Confessor 1491 – 1556

The ex-soldier could not have known, as he knelt with his six companions, that his newly formed company would one day become an army. Today, thirty thousand of his followers are dispersed throughout the world.  They are in the jungles, on remote islands, in cities, and in distant villages.  They work in laboratories, observatories, libraries.  They control a hundred institutions of higher learning and are proprietors of academies, seminaries, and missions.

There is nothing in the early life of Ignatius Loyola to indicate either his future influence or his great sanctity. He was born in the castle of Loyola in Spain in 1491, of the noble and ancient Basque family of Don Beltran Yanez.  One of the youngest of a dozen children, Ignatius had a choice between religious or military life.  Although he received the tonsure he had no doubt that it was to be a life of adventure and chivalry for him.

At the age of twenty-four he was a full-fledged soldier, dressed extravagantly, dreaming of romance, fighting and dueling, ever jealous of his honor. In 1521 Ignatius’ dreams of military glory came to an abrupt end.  At the defense of the Spanish citadel of Pamplona, a cannon ball broke his leg, which was never to heal properly.

There were no romantic novels available at Loyola, where he spent his convalescence. Ignatius turned, out of boredom, to spiritual reading:  a fourteenth-century life of Christ and a Spanish version of the pious tales of the Golden Legend.  This was the beginning of his conversion.  His mind wavered between the world and the spirit.  Then he had a vision of our Lady and the Infant Christ.  He made his decision.

As soon as he was able to leave, Ignatius went to the shrine of Our Lady of Montserrat. There he made a general confession, left his sword and dagger before our Lady’s altar, and gave away his earthly goods.

He spent a year living on alms in the town of Manresa, during which time he received many divine illuminations on matters of doctrine. Then he made a trip to the Holy Land.  Ignatius soon realized that without education he would have little success in winning souls to Christ, which was now the aim of his life.  He entered school, a man thirty-one years old, in the lowest class and among the youngest students.  For eleven years he studied, living in the utmost poverty and begging his food at Barcelona, Alcala, Salamanca, and Paris, being helped and cared for by many generous people.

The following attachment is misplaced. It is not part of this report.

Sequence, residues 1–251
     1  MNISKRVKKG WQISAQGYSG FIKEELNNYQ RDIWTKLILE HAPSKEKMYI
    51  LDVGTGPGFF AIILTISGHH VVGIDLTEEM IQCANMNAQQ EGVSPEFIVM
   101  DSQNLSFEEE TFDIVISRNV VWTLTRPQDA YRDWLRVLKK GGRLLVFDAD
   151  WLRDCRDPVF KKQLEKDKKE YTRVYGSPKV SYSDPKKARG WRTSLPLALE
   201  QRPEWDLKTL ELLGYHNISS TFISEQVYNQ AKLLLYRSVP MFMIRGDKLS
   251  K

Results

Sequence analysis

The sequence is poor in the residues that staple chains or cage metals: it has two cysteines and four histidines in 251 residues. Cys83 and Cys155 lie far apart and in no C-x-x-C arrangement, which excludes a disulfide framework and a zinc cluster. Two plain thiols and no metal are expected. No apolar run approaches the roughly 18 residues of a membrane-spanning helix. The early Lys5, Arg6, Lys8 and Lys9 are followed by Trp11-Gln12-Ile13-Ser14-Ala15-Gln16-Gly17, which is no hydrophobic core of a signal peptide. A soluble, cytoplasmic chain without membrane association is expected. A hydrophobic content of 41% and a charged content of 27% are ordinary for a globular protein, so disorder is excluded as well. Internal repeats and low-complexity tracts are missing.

While Ignatius studied, he preached, and a handful of men, including Francis Xavier, became disciples. In 1534, after receiving the degree of master of arts from the University of Paris, he met with six men at the chapel on Montmartre, where they received Holy Communion from the one priest of the group, Peter Faber.  They vowed a trip to the Holy Land and took vows of chastity and poverty.

The proposed trip proved impossible because of war, and in the spring of 1537, after an interview with Pope Paul III, Ignatius’ group was given permission to be ordained. It was not until 1538 that the companions, who had been preaching in Pairs, met again in Rome.  There, after much prayer, they decided that if their plan was approved they would form themselves into a religious body.

In 1540 the Society of Jesus became a reality, and Ignatius was chosen the first general. The rule he established seem, at the time, revolutionary.  His disciples were to be ascetics in the world, not in the cloister.  They were to be teachers and preachers, trained scholars able to meet argument with better argument.  There were to renounce all rank, temporal or ecclesiastical.  There were to live under the intense discipline and perfect obedience which has always been their distinctive characteristic.  Special obedience was vowed to the Holy Father in the matter of missions.

After the foundation of the society, Ignatius never left Rome, His administrative genius was given tremendous scope, and a thousand projects occupied his agile mind. He live to see his followers penetrate the corners of the known world.

One of his most fruitful works was the book of Spiritual Exercises, begun at Manresa, where he had spent a year of prayer and penance.  So clear and universal were the principles of prayer he laid down that some adaptation of his exercise is very often used at retreats today.

The recruits multiplied so rapidly that when Ignatius does on July 13, 1556, there were sixty-seven Jesuit houses, and the grace that was given at Manresa did more than make one man a saint. There made a society of men, all with the same goal of service and sanctity.  Many miracles were recorded at the canonization of Saint Ignatius Loyola.  His most impressive accomplishment in the annals of history and the Church was the establishment of the Society of Jesus, the influence of which throughout four hundred years is altogether incalculable.  But even without this, Ignatius would take his place among the great saints, for his heroic virtue, his absolute dedication of his life and energies to Christ, his mystic graces, and his spiritual guidance.

Information from The Lives of Saints for every day of the year The Catholic Press, Inc. 1959.  428-430.   © 1959 Reverend John P. O’Connell, STD NIHIL OBSTAT; IMPRIMATUR Samuel Cardinal Stritch, Archbishop of Chicago May 5 1958.  Print.

Saint Ignatius Loyola – Catholic Online  |  Saint Ignatius Loyola – New Advent  |  Books about Saint Ignatius Loyola at  |  The Spiritual Exercises  |  The Autobiography of Saint Ignatius  |  The Life of Saint Ignatius of Loyola  |  Catholic Audio Books